From Eimear McBride, author of the award-winning A Girl Is a Half-formed Thing, comes the beguiling travelogue of a woman in exile: from her past, her ghosts, and herself.
A nameless woman enters a hotel room. She's been here once before. In the years since, the room hasn't changed, but she has. Forever caught between check-in and check-out, she will go on to occupy other hotel rooms. From Avignon to Oslo, Auckland to Austin, each is as anonymous as the last but bound by rules of her choosing. There, amid the detritus of her travels, the matchbooks, cigarettes, keys and room-service wine, she negotiates with her memories, with the men she sometimes meets, with the clichés invented to aggravate middle-aged women, with those she has lost or left behind--and with what it might mean to return home.
Urgent and immersive, filled with black humour and desire, McBride's Strange Hotel is a novel of enduring emotional force.
"Award-winning Irish novelist McBride (The Lesser Bohemians, 2016) writes with soul-stirringly inventive language and an immediate, stream-of-consciousness style that's all her own. While in some ways more straightforward than her previous books, this slim novel casts a distinctive literary spell. Opening the book to a list of cities, readers first stop in Avignon, where an unnamed woman checks into a dingy hotel, with a plan. It involves drinking wine, readers understand, but not succumbing to a flirtation with her courtyard neighbor. The episode ends, and the next stop on the ticker-tape of cities is Prague, where, watching a rainstorm from an unsafe balcony, she hopes her previous night's encounter will exit her room. Incidents follow in Oslo, Auckland, and Austin, each separated by years. Readers catch glimpses of this woman's past and the future she's aging mostly gratefully into. As we begin to grasp why she, and thus we, are in these rooms, McBride interrupts the narrative with subject and tense changes that keep us, thrillingly, on our toes. This begs to be savored, and reread."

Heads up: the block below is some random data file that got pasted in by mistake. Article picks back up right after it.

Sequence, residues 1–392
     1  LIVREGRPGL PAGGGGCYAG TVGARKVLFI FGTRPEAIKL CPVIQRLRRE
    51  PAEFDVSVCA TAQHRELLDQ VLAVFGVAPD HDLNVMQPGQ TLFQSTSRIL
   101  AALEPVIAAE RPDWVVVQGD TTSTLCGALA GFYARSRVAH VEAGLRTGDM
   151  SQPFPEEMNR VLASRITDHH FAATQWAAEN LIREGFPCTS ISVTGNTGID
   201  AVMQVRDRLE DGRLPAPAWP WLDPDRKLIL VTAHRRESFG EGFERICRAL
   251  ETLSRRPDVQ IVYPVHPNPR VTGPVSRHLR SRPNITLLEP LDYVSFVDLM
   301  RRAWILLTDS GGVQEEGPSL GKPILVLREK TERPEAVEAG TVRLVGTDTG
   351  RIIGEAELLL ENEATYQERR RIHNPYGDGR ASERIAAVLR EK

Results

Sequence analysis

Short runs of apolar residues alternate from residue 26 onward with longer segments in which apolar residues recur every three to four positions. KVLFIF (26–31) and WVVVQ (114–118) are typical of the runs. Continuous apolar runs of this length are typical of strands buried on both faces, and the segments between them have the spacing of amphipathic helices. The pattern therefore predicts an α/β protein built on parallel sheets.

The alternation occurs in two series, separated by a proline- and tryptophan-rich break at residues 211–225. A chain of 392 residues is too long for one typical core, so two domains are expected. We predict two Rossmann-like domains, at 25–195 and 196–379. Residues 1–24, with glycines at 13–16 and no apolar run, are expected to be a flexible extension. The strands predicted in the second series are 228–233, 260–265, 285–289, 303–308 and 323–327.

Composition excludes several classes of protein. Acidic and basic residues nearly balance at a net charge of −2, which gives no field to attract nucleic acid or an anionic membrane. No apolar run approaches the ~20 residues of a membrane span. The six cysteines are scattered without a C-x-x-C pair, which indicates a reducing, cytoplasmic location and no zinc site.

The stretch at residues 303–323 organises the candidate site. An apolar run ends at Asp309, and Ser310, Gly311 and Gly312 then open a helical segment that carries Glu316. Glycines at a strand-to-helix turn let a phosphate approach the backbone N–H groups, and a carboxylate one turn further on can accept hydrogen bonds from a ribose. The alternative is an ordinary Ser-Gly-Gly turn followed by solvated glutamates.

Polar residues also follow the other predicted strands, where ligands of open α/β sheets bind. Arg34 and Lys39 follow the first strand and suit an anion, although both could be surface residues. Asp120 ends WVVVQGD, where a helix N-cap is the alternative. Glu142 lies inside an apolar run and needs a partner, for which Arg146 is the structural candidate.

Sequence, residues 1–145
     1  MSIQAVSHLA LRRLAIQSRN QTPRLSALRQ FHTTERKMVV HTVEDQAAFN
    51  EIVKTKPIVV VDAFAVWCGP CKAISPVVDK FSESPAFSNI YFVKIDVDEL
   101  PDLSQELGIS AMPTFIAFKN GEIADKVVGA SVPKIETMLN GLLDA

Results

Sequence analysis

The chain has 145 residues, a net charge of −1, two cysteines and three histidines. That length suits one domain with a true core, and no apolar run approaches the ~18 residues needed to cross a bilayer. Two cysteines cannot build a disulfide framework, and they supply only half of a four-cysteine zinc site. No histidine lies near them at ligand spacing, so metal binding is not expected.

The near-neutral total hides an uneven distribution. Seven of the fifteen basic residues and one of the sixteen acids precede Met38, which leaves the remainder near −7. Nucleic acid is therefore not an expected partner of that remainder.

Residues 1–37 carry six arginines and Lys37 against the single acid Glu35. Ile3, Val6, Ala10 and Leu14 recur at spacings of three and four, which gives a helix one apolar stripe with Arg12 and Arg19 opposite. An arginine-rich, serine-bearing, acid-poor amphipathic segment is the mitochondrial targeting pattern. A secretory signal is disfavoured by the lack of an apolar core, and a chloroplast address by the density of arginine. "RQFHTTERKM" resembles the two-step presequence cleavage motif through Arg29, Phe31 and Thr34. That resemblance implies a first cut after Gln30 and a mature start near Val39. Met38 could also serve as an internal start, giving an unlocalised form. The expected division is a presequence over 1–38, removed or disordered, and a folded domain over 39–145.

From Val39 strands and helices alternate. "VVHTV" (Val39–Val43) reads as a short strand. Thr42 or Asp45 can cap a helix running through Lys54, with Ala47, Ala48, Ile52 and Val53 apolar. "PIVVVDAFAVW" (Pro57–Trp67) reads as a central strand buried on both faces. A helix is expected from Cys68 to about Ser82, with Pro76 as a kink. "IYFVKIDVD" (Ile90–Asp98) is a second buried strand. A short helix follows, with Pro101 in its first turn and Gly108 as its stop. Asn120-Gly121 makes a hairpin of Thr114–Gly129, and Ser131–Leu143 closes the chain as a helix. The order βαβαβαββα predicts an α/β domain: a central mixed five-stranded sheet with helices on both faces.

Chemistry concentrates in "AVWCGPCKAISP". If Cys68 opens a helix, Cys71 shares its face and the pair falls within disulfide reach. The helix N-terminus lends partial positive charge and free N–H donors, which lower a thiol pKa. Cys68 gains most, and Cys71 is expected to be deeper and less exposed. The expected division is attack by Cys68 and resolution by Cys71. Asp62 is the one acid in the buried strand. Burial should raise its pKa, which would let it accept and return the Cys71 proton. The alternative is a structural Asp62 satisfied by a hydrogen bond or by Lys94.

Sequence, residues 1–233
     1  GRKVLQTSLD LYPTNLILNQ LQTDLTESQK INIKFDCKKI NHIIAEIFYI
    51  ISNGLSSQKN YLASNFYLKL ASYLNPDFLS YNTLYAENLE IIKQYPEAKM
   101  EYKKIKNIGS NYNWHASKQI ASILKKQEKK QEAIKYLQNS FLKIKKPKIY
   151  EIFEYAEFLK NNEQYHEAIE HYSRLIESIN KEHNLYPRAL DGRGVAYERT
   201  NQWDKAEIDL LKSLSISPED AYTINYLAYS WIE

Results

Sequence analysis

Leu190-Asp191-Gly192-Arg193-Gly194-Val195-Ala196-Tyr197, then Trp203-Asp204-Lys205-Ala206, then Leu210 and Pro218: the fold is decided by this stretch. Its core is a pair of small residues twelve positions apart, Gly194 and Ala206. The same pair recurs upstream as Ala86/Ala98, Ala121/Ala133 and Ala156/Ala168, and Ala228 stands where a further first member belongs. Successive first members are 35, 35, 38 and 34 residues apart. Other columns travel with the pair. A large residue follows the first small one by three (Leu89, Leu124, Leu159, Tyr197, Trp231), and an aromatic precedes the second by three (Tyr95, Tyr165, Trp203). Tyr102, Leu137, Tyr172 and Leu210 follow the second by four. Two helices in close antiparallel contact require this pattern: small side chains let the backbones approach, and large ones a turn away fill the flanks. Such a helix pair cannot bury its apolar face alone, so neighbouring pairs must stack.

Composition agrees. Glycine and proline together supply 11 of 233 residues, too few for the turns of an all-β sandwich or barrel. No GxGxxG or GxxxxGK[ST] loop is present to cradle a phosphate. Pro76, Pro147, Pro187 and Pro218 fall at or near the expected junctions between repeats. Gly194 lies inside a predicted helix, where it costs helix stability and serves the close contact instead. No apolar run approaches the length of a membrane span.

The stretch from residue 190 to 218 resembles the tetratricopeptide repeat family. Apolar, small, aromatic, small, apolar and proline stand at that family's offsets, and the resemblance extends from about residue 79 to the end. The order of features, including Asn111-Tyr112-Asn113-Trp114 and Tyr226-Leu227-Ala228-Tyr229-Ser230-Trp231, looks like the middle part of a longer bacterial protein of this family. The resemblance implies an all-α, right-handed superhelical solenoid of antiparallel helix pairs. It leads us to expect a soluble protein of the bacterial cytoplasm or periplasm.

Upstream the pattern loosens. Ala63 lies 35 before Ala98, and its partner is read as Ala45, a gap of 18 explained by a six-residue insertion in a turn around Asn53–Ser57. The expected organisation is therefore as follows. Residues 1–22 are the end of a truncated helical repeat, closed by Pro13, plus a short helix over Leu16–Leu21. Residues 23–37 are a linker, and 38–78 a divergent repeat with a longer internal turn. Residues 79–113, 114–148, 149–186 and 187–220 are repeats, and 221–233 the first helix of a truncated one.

From Booklist, Copyright (c) American Library Association. Used with permission.
Publisher's Weekly Review:
"McBride (A Girl Is a Half-Formed Thing) delivers a globe-spanning travelogue set entirely in hotel rooms in this beguiling work. Lists of cities section off the narrative; in those flagged by an x, the protagonist, an unnamed itinerant woman, has experienced a tryst. Rather than chronologically plot these encounters, McBride presents them as a runaway train of the woman's solipsistic thought as to their significance, leaving her at odds to draw conclusions. After rebuffing one man's advances, she returns to her room and falls asleep watching loud TV porn. Sex with one man pushes her into suicidal contemplation; sex with another cheers her enough to consider joining him for breakfast the following morning (she doesn't). In the final scene, McBride switches from third- to first-person narration, at which point the narrator reflects on how her past choices have "absented" her from herself. The linguistic prowess found in McBride's other books remains present, with the bravado slightly dialed down for emotional effect. McBride's nebulous formalist structure could be described as a long prose poem masquerading as a novel. As a narrative, though, it is a half-formed thing. (May)"
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|| New York :2020
||First American edition.
1 volume ; 20 cm